This Court ''may adopt those portions of the recommended ruling to which no timely objections have been made, provided no clear error is apparent from the face of the record.'' Dafeng Hengwei Textile Co. v. Aceco Indus. & Commercial Corp., 54 F.Supp.3d 287, 291 (E.D.N.Y. 2014). Except as to the portions of Judge Fitzsimmons‘ ruling that are the subject of objection, I find no clear error here. But I must otherwise ''review[ ] the parts of the report and recommendation to which the party objected under a de novo standard of review.'' Ibid.; see also 28 U.S.C. § 636(b)(1); Fed.R.Civ.P. 72(b)(3).

The Court may ''set aside the Commissioner‘s determination that a claimant is not disabled only if the factual findings are not supported by substantial evidence or if the decision is based on legal error.'' Burgess v. Astrue, 537 F.3d 117, 127 (2d Cir. 2008) (internal quotation marks and citation omitted); see also 42 U.S.C. § 405(g). Substantial evidence may be defined as ''such relevant evidence as a reasonable mind might accept as adequate to support a conclusion.'' Veino v. Barnhart, 312 F.3d 578, 586 (2d Cir. 2002) (internal quotation marks and citation omitted).

To qualify for disability insurance benefits, a claimant must show that she is unable ''to engage in any substantial gainful activity by reason of any medically determinable physical or mental impairment which . . . has lasted or can be expected to last for a continuous period of not less than 12 months, '' and ''the impairment must be 'of such severity that [the claimant] is not only unable to do h[er] previous work but cannot, considering h[er] age, education, and work experience, engage in any other kind of substantial gainful work which exists in the national economy.‘'' Robinson v. Concentra Health Servs., Inc., 781 F.3d 42, 45 (2d Cir. 2015) (quoting 42 U.S.C. §§ 423(d)(1)(A), 423(d)(2)(A)).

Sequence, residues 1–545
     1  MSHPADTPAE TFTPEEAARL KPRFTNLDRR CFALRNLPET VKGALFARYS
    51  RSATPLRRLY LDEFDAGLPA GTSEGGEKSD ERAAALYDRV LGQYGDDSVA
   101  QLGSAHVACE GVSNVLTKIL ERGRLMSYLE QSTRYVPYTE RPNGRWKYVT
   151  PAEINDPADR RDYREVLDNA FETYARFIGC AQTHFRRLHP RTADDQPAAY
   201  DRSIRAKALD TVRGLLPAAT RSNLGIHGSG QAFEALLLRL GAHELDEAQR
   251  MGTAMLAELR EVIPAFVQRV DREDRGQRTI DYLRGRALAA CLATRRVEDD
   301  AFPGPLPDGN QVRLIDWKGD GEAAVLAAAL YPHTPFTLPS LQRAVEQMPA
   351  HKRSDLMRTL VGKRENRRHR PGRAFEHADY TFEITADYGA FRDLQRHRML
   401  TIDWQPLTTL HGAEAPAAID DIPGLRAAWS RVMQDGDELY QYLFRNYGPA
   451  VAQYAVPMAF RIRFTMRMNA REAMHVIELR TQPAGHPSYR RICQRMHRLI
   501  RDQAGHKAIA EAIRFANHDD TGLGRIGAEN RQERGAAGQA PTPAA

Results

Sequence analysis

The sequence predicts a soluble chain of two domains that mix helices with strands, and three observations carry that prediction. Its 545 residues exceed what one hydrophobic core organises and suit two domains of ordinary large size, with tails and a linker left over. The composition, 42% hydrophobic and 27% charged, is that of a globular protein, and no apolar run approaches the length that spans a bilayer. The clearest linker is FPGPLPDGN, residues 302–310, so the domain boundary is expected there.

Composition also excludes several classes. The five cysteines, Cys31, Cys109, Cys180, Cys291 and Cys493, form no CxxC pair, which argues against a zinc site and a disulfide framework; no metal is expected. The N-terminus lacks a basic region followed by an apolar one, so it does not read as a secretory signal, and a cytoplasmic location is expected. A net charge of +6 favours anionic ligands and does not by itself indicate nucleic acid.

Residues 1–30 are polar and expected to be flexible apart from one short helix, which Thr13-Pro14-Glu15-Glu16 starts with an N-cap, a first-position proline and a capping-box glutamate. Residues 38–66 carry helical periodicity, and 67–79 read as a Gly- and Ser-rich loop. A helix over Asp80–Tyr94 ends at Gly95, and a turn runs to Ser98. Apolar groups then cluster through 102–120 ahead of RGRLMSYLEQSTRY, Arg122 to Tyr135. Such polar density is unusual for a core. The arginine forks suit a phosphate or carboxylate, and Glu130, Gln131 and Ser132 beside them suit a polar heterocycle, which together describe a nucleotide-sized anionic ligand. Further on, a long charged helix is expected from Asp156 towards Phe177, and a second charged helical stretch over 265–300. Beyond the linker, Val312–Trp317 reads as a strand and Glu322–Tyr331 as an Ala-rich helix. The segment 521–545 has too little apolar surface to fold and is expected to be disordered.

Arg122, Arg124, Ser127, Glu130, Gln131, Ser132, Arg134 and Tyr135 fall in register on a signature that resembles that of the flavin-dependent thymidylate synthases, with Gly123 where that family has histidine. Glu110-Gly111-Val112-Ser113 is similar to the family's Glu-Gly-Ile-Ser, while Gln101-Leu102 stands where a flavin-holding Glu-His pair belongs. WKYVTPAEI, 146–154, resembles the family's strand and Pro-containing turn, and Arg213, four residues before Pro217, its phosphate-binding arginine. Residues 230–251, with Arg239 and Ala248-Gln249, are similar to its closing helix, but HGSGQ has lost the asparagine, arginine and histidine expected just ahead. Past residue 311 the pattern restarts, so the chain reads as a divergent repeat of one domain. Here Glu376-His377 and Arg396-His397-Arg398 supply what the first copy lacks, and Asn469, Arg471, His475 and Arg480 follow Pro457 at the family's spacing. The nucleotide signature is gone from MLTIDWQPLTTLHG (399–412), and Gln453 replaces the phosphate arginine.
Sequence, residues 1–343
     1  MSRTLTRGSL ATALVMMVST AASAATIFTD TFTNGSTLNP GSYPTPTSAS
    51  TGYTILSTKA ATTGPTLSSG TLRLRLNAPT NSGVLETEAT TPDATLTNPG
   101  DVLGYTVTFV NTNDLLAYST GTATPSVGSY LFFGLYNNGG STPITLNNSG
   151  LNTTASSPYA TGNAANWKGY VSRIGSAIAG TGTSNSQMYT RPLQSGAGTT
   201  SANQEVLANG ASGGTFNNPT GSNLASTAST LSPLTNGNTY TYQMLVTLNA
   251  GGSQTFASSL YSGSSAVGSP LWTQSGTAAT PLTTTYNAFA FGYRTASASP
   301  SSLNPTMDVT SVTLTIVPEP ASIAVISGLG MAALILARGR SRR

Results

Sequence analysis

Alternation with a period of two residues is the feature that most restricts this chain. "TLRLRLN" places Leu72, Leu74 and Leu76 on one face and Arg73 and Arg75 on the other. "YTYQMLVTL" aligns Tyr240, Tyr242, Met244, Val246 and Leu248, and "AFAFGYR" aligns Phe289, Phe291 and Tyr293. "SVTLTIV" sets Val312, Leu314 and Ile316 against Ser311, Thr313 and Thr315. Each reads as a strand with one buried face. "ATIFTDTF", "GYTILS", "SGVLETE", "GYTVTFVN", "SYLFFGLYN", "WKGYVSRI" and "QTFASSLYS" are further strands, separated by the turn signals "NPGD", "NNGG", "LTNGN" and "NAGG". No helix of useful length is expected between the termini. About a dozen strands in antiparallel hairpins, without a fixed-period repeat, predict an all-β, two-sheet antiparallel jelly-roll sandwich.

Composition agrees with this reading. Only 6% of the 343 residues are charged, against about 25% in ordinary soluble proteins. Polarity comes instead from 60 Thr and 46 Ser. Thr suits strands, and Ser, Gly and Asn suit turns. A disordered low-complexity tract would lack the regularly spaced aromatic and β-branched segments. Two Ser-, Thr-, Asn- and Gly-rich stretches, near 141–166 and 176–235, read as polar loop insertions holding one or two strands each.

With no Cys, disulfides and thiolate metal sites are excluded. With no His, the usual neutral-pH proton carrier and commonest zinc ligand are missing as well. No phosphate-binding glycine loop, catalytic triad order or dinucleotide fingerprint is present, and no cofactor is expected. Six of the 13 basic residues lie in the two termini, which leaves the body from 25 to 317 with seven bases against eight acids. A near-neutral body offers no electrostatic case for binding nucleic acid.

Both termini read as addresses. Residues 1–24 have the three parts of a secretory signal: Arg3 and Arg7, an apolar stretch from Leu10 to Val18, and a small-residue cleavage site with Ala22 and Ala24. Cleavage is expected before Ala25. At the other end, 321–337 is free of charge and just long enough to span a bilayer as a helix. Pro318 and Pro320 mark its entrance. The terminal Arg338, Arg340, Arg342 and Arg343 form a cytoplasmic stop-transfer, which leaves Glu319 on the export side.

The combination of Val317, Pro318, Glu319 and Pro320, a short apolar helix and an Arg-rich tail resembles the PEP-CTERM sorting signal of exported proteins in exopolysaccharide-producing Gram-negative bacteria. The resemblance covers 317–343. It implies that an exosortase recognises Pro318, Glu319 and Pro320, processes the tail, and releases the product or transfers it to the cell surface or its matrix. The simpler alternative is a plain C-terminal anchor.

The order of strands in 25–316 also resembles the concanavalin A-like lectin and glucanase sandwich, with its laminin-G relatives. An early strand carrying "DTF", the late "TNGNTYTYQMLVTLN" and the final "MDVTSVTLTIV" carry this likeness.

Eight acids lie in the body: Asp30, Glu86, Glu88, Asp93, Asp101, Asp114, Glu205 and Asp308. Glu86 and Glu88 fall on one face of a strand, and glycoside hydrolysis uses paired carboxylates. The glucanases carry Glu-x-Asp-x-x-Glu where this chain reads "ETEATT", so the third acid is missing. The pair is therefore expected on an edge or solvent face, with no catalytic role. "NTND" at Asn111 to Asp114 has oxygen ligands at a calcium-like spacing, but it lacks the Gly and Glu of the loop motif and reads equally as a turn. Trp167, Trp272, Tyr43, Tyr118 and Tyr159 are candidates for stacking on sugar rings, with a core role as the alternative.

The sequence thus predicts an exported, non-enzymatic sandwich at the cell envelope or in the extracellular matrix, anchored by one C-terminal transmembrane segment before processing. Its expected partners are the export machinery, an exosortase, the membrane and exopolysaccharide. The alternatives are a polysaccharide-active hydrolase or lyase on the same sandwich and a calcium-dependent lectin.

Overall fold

A five-step, sequential evaluation process is used to determine whether a claimant is disabled: (1) whether the claimant is currently engaged in substantial gainful activity; (2) whether the claimant has a severe impairment or combination of impairments; (3) whether the impairment meets or equals the severity of the specified impairments in the Social Security Administration‘s listing of impairments; (4) whether-based on a ''residual functional capacity'' assessment-the claimant can perform any of his or her past relevant work despite the impairment; and (5) whether there are significant numbers of jobs in the national economy that the claimant can perform given the claimant's residual functional capacity, age, education, and work experience. See McIntyre v. Colvin, 758 F.3d 146, 150 (2d Cir. 2014) (citing Social Security regulations). The claimant bears the burden of proving her case at steps one through four, while the burden shifts at step five to the Commissioner to demonstrate that there is other work that the claimant can perform. Ibid.

Here, the ALJ found at step one that plaintiff had not engaged in any substantial gainful activity since July 1, 2008. At step two, he determined that plaintiff‘s depressive disorder, anxiety disorder, post-traumatic stress disorder, dysthymic disorder, antisocial personality disorder, insulin dependent diabetes mellitus, status post carpal tunnel release, obesity, and polysubstance dependance constituted severe impairments and that these ''impairments are severe because they cause more than minimal functional limitations.'' Doc. #9-2 at 22.

At step three, the ALJ declined to conclude that plaintiff was per se disabled, because plaintiff did ''not have an impairment or combination of impairments that meets or medically equals the severity of one of the listed impairments in 20 C.F.R. Part 404, Subpart P, Appendix 1.'' Ibid. Specifically, the ALJ compared plaintiff‘s impairments to four of the listed impairments: affective disorders (Listings § 12.04); anxiety-related disorders (§ 12.06); personality disorders (§ 12.08); and substance addition disorders (§ 12.09). With certain limited ...